Naval warfare has always had to cope with the popularity of land warfare both in the general public interest and in academic studies; and this is even truer in the case of classical studies. It is thus more than welcome that Owen Rees has decided to develop what was originally a section of his previous book, Great Battles of the Classical Greek World, into a work entirely consecrated to naval battles. As stated in the introduction, the aim of the book is “to bring the multitude of naval engagements, which pervade the ancient sources, into a broader modern awareness” (p. ix). In the narrative structure of the book Rees recapitulates, with naval engagement after naval engagement, the whole course of Greek military and political history, from the beginning of the 5th century BCE to the first decade of the 4th century.
The bulk of the work is the narrative of 13 individual naval battles involving Greek fleets in the 5th and 4th centuries BCE. These battles are presented in chronological order and are grouped into four blocks corresponding to the main major conflicts of the time: the Persian wars (Part 1); the Archidamian war (Part 2); the Ionian war (Part 3); the “Turning of the tide”, i.e. the first decade of the 4th century (Part 4). Each part begins with an overview of the political and military background and presents the naval battles. A chapter is dedicated to each battle, and each account is subdivided into four sections: Background, Forces, Battle, Aftermath.
The Introduction—brief but thorough—is most interesting: it presents the main features of Greek naval warfare. The development of the trireme is first introduced, comparing the different types of military vessel throughout Greek history; particular attention is then given to the composition of the crews. The basics of naval tactics are sketched lastly: diagrams help visualize the principal manoeuvres such as the diekplous and periplous. The introduction ends with a notice on the selection of the ‘great’ battles and the choice of ancient historiographical sources: as Rees warns the reader,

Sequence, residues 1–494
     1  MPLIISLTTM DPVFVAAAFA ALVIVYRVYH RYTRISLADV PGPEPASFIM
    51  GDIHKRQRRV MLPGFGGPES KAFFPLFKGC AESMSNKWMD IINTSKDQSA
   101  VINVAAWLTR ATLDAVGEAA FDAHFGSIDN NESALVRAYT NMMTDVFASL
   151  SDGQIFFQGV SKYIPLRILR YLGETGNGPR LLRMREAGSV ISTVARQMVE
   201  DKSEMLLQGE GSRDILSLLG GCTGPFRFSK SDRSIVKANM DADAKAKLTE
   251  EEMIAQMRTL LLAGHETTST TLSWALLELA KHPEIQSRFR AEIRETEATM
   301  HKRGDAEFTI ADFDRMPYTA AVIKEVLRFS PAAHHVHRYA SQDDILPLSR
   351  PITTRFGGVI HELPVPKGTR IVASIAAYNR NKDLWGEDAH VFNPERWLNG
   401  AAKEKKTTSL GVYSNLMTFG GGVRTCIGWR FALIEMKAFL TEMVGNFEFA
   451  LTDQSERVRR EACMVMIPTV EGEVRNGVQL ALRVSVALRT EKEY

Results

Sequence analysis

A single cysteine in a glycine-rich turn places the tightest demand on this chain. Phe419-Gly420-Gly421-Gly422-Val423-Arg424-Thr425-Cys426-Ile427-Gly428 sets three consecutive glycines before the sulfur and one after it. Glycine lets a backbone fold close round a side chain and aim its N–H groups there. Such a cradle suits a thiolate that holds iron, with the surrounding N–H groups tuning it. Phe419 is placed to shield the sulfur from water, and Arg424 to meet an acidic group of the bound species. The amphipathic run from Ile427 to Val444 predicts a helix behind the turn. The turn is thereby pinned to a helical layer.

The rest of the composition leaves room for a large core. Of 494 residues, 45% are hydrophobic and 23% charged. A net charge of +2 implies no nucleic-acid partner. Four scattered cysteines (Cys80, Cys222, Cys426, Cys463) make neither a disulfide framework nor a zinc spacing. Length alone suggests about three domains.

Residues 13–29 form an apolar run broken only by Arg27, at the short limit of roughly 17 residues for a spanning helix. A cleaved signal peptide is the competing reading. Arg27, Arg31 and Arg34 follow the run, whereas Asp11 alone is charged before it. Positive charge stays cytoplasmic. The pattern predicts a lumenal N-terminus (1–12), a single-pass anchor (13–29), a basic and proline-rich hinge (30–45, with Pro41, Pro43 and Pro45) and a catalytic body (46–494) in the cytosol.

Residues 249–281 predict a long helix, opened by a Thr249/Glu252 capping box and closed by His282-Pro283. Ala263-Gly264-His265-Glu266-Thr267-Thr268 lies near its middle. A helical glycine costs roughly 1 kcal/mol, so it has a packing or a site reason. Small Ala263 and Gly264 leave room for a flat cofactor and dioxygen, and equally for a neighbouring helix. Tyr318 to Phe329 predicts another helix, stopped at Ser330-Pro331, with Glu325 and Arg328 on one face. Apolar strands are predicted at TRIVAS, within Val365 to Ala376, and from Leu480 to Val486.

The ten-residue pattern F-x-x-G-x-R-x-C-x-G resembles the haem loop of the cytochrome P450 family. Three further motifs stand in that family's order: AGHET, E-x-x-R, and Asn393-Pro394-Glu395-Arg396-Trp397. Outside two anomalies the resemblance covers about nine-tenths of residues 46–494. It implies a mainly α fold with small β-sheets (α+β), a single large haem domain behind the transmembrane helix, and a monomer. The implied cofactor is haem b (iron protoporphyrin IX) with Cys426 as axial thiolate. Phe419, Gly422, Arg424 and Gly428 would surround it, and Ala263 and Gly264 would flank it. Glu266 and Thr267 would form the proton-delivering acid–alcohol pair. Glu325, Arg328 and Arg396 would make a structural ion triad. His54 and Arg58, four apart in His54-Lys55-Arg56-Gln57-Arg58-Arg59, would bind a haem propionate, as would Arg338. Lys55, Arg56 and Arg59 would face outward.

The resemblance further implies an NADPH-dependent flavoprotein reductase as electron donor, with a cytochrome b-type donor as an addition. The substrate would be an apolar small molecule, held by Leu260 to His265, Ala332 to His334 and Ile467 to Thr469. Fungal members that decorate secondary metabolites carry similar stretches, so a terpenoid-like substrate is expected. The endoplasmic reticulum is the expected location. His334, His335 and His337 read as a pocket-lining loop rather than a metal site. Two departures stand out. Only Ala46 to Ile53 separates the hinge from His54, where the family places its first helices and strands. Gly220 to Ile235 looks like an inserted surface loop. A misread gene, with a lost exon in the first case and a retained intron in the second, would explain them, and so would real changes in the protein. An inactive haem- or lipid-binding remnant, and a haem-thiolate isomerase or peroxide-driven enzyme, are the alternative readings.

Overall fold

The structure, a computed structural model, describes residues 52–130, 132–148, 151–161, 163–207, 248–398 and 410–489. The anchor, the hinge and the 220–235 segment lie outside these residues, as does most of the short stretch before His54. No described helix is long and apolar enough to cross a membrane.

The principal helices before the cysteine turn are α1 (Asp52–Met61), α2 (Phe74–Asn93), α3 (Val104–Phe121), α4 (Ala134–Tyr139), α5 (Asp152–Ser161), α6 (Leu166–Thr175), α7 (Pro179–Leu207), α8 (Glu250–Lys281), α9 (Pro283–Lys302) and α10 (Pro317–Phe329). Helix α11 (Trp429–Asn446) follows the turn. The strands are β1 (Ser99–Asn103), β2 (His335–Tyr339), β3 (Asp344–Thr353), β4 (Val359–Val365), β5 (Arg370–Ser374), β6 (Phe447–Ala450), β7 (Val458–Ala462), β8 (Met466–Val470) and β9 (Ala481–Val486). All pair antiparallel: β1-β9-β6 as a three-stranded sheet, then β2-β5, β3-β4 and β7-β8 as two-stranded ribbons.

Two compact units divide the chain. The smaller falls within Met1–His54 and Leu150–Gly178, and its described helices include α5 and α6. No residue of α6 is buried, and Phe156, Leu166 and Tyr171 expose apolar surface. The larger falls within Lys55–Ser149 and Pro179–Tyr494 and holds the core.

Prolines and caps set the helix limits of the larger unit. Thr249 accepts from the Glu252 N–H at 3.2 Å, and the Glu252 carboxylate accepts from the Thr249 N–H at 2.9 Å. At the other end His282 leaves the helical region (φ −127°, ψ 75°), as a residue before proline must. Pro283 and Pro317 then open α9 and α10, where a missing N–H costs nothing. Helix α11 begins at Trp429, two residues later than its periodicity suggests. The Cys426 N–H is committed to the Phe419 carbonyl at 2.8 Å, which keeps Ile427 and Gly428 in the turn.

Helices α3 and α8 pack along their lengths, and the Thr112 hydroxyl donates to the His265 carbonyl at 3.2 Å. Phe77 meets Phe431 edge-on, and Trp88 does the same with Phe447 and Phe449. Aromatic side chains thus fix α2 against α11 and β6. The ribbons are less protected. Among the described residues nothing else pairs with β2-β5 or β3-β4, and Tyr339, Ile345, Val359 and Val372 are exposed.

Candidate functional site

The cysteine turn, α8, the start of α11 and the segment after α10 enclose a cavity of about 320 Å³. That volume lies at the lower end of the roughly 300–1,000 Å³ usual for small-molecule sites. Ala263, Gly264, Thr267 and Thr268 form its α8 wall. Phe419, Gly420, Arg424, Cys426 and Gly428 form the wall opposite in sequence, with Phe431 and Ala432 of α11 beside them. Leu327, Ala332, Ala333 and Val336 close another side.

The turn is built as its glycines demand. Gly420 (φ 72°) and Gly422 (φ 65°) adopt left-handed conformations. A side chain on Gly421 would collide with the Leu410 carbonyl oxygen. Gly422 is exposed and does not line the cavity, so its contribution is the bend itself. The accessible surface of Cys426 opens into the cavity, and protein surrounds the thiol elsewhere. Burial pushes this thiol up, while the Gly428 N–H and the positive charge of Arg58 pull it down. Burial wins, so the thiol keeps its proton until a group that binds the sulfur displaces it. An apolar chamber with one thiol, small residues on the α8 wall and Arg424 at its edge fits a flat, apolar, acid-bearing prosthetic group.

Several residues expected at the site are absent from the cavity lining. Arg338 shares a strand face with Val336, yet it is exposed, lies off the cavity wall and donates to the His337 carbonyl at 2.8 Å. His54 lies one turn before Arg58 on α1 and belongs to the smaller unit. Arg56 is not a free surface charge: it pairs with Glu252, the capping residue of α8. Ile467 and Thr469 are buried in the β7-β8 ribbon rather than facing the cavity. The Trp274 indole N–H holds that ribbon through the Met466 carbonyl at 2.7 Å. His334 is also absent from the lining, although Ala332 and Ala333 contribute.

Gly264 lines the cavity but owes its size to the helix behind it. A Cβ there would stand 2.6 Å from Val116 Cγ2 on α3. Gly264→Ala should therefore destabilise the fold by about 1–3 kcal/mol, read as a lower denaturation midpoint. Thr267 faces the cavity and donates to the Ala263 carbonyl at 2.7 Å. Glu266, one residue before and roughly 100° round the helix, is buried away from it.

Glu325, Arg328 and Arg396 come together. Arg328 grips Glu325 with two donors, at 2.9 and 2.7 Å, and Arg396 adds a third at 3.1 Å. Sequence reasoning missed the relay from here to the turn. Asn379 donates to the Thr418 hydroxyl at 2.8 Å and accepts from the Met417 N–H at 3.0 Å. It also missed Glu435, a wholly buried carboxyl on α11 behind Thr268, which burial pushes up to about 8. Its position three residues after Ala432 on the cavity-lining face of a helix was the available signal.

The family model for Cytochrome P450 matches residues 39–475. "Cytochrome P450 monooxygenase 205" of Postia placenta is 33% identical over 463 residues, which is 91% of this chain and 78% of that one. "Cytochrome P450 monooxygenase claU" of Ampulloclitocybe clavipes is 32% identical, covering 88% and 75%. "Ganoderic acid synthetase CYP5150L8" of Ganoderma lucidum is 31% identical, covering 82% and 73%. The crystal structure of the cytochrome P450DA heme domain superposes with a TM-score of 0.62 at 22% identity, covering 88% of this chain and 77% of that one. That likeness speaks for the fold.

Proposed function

“… naval engagements were rarely solitary affairs. They were usually part of a larger campaign […]. Alternatively, a fleet was not just used to fight other fleets but would also be used in conjunction with land forces” (p. xvi).
This is why context has a great role in the narration of many battles here discussed, to the point that in a few cases the background narrative covers more than the actual battle (an example could be chapter 6, the battle of Corcyra: pp. 65-70 the background, p. 70-73 the forces and battle).
Although ancient tradition about naval battles dating back to the archaic age survives—one example: Thucydides famously dates to 260 years before his time, i.e. ca. 660 BCE “the earliest sea-fight in history … between the Corinthians and Corcyraeans” (Thuc. 1.13.4)—no extensive account of any naval engagement before the 5th century can be given.
Part 1, “The Persian conflicts,” introduces us to the context of the decades-long complex relations between Persia and the Greek poleis, culminating into the open conflict from the start of the century. The Persian wars turned into myth very early, as Aeschylus’ Persians already shows just eight years after Salamis. Being part of a very durable celebratory tradition, the battles of Artemisium and Salamis, and to a lesser extent the battle of Lade are quite a challenge to be tackled again. Rees’ vivid narrative lives up to this challenge: drawing mainly from Herodotus’ Histories, complemented with Diodorus, Plutarch’s Lives and Aeschylus as well, it guides the readers from the sudden appearance of the Persians in the Mediterranean chessboard to the rise of Athenian thalassocracy.